Are federal laws inadequate to protect workers who seek to certify a union? Do employers use the federally mandated 42 days between a union’s petitioning for recognition and the certifying election to illegally turn the will of a majority of its employees against unionization?
These questions are raised in a recent study entitled "Undermining the Right to Organize: Employer Behavior During Union Representation Campaigns," conducted by a research group at the University of Illinois at Chicago. Funded by American Rights at Work, an organization aligned with labor union interests, the study finds the answers to these questions to be "yes."
Researchers reached this conclusion after examining the low success rate of unions seeking to organize new workers in the Chicago area in 2002. Mark Gaffney, president of the Michigan AFL-CIO, has cited this study as support for his contention that workers want unions, but aren’t given a real opportunity to choose such representation.
These are important questions. Unfortunately, the Chicago study sheds little light on the answers, as it suffers from several weaknesses. For starters, the interviews cited were either of anonymous workers or union organizers. No reference is made to interviewing employers. This diminishes the usefulness of the anecdotal evidence.
The use of data is also questionable. For example, the study claims that 30 percent of employers facing potential unionization of their workforce fired a worker engaged in pro-union activities. This could be true. But it doesn’t demonstrate that actual engagement in pro-union work is why these employees were fired, instead of some other, legally justifiable reason. Indeed, actual National Labor Relations Board cases arising in Chicago do not support the conclusion of the study. The unions did not even file a complaint in 70 percent of the alleged cases. The study argues that this was because of the difficulty in proving such a claim, but another possibility is that many of the claims were unfounded.
According to the Chicago study, 91 percent of the unions enjoyed at least 50 percent support at the petition stage, and in "several cases," unions demonstrated more than 80 percent support. So what happened at the election stage? Employer intimidation?
We can’t be sure, because the Chicago study did not correlate petition support with actual election outcomes. We cannot tell the fate of the 9 percent of the unions that did not have majority support when they asked for an election, nor can we correlate the specific level of initial support with success in the certifying election. All we know is that about one-third of the petitions for an election resulted in successful certifications; about one-third were withdrawn pre-election for lack of support; and about one-third failed to achieve a majority vote. We can speculate, however, that a worker might sign a public petition at the request of a friend, but vote another way when protected by privacy.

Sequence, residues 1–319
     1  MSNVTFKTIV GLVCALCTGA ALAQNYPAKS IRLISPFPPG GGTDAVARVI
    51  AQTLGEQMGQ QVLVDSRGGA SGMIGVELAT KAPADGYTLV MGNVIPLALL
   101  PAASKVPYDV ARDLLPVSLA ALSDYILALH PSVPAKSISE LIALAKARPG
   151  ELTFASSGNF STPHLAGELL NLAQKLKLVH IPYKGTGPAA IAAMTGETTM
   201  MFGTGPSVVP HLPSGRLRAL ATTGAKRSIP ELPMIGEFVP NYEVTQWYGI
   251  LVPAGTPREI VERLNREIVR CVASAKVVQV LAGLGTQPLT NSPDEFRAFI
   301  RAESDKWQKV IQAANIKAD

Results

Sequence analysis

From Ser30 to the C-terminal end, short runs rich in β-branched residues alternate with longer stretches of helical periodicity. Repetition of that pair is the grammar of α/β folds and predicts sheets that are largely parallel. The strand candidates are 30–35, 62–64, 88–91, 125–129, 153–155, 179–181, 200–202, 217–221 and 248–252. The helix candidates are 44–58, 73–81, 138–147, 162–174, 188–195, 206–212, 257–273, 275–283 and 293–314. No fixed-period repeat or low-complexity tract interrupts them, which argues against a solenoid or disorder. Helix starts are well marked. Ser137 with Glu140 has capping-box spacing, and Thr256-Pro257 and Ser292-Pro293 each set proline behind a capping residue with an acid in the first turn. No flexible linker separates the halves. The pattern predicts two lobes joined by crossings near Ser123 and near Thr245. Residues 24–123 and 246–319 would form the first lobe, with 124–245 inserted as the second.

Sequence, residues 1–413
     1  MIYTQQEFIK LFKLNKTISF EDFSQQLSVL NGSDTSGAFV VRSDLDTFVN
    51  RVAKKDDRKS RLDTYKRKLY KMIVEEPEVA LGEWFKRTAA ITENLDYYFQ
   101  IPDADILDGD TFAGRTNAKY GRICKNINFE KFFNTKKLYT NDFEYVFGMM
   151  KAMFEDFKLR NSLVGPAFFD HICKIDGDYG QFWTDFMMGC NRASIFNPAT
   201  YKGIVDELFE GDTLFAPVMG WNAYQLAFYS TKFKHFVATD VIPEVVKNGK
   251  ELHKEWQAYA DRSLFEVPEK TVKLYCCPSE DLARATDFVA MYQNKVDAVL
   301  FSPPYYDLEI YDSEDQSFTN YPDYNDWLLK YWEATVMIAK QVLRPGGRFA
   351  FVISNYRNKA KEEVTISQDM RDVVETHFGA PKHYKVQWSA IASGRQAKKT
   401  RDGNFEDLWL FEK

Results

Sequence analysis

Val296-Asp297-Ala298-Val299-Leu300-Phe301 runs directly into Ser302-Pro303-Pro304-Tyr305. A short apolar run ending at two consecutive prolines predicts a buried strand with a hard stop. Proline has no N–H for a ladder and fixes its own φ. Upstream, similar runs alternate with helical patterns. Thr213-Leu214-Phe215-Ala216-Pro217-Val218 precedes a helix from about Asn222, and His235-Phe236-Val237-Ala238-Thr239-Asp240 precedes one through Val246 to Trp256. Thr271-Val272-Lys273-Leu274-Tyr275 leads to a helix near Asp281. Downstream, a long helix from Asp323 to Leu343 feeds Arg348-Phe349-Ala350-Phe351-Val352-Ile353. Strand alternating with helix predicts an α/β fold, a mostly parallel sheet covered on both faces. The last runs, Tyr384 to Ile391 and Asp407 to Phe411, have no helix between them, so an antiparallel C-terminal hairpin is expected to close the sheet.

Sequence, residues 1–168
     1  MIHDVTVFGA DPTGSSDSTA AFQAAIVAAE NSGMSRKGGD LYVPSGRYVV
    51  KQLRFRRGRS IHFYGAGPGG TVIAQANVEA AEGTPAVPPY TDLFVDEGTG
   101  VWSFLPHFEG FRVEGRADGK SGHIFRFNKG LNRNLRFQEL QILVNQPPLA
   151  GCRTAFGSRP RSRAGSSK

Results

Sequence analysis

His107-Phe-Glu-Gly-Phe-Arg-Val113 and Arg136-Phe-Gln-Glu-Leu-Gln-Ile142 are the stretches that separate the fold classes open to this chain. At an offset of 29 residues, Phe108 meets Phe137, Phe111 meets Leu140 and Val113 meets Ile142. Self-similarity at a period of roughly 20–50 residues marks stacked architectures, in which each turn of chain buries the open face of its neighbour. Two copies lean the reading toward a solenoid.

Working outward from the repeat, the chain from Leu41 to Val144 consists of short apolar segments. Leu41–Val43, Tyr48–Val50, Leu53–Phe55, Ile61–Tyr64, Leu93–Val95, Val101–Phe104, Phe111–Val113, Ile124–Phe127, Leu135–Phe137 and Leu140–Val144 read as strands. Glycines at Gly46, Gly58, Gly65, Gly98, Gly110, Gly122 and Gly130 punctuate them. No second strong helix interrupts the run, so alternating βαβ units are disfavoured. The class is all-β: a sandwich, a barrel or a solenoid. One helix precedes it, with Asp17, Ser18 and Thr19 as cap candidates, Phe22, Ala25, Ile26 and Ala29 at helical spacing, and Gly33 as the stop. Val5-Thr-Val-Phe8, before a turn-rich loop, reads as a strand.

Stung by their lack of success in certifying elections, organized labor advocates the passage of federal legislation that would give a union the right to declare, on the basis of a petition-like drive and without a secret election, that the union enjoys majority support and must be certified. The Chicago study will undoubtedly be cited by labor in support of this measure.
But the importance of the secret ballot in union certification is shown by the value union members place on it. In June 2004, Zogby International and the Mackinac Center for Public Policy conducted a survey of union members to gauge their attitudes toward their union’s performance. According to the survey report, "[A] strong majority (66 percent) think it should be illegal for a union and a company to agree in advance to bypass the secret-ballot union election when organizing a workplace." Unionized employees undoubtedly support the secret ballot for many reasons, including fear of reprisals from their employer. But it should not be forgotten that one reason may also be fear of union coercion during an organizing drive. Remember that not every unionized employee voted for a union.
Common sense counsels that we keep secret-ballot certification elections. The conclusion of the 2004 Mackinac Center report remains valid: "[Union members’ preference for private elections] suggests crafting practices and policies that guarantee workers’ ability to vote on union representation and respect the individual choices of workers to support a union or not."
Thomas W. Washburne is director of labor policy for the Mackinac Center for Public Policy, a research and educational institute headquartered in Midland, Mich. Permission to reprint in whole or in part is hereby granted, provided that the author and the Center are properly cited.